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Feb 13, 2018 12:39 PMPublication: The Southampton Press

Owners Of Art Deco Shop In Southampton Village To Get Permission To Demolish Building

The B&M Garage in Southampton Village.
Feb 14, 2018 8:48 AM

The owners of an Art Deco-style automotive shop and former car dealership in the heart of Southampton Village—where Windmill, Jobs and Pond lanes, and Hill Street, all come together—are one step closer to getting approval to demolish the building, although the building’s owners say they have no current plans to do so.

Members of the Southampton Village Board of Architectural Review and Historic Preservation on Monday closed the public hearing for an application submitted by the Hauquitz family, who own the 5,600-square-foot building that houses B & M Automotive at 1 Pond Lane, seeking a certificate of appropriateness that ultimately could lead to the demolition.

Representatives for the family have said that they only want the permit to make it clear to potential buyers of the property, which is on the market for just under $4.2 million, that it could be demolished if the buyer chooses.

ARB Chairman Curtis Highsmith and board members Christina Redding and Susan Stevenson all voted to render a written decision to approve the certificate of appropriateness. That written decision then would come back before the board for final action, most likely at the board’s next meeting on February 26.

ARB member Jeff Brodlieb voted against the measure, saying he didn’t see it as the board’s role to help facilitate the sale of the property—and he wondered aloud if a buyer might come forward who would preserve the site.

The building “could be re-purposed,” Mr. Brodlieb said. “Perhaps there is a buyer out there who would re-purpose it.”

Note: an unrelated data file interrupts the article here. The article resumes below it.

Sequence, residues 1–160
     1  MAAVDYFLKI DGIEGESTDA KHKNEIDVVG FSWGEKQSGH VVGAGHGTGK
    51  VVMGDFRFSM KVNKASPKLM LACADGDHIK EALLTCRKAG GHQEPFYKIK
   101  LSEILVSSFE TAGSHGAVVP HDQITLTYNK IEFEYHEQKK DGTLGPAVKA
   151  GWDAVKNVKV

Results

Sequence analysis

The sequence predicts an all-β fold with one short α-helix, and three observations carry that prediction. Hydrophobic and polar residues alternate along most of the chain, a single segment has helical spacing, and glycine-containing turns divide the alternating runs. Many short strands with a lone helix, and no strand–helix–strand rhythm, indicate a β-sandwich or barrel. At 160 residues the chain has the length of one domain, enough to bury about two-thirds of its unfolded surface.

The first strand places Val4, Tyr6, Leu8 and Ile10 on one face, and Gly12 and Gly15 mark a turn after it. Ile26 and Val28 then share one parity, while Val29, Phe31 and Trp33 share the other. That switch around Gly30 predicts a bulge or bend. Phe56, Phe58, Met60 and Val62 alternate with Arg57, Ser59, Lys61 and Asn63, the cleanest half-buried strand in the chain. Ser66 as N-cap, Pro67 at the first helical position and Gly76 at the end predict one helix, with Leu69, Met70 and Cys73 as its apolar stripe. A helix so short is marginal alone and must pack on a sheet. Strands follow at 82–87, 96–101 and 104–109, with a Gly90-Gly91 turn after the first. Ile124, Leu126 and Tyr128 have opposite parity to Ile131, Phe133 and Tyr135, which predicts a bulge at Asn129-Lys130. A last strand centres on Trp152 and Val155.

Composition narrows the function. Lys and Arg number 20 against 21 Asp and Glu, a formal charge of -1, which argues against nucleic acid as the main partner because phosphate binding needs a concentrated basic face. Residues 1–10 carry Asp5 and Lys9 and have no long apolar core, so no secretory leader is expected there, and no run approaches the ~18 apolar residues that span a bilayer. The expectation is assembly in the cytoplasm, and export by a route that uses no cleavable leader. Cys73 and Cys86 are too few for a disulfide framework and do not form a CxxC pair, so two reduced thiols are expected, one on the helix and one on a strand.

The property is located in the village’s historic district, but it does not appear on any formal list of historic buildings. Still, the location in the historic district requires that any proposed demolition or alteration must be approved by the ARB.

The list that designates whether a building contributes to the historic district was created in 1979. According to Zachary Studenroth, the board’s architectural consultant, the former auto dealership, which was built in 1951, was only 27 years old at the time and didn’t qualify—and the list has never been updated.

In January, Mr. Studenroth presented board members with images of other Art Deco buildings that were curved in shape, made of stucco and sheet metal, and had large plate glass windows. He told the board that the designs were employed during the postwar era for the sale of modern products like automobiles.

Mr. Studenroth’s point was to try to convince the board that the building could possibly be designated as a historical structure.

“I would suggest, we are all growing older,” Mr. Studenroth told board members. “The buildings we are living with … are also growing older.”

On Monday, Mr. Highsmith told Mr. Studenroth and the other board members that he did not think the building “rose to the level of [historical] designation.”

“It’s not currently a contributing structure within the historic district,” Mr. Highsmith said. “For me, it would take a lot more for it to rise to that occasion.”

Mr. Highsmith added that he rarely goes against Mr. Studenroth’s recommendation, but this time he could not see himself agreeing that the building should be preserved.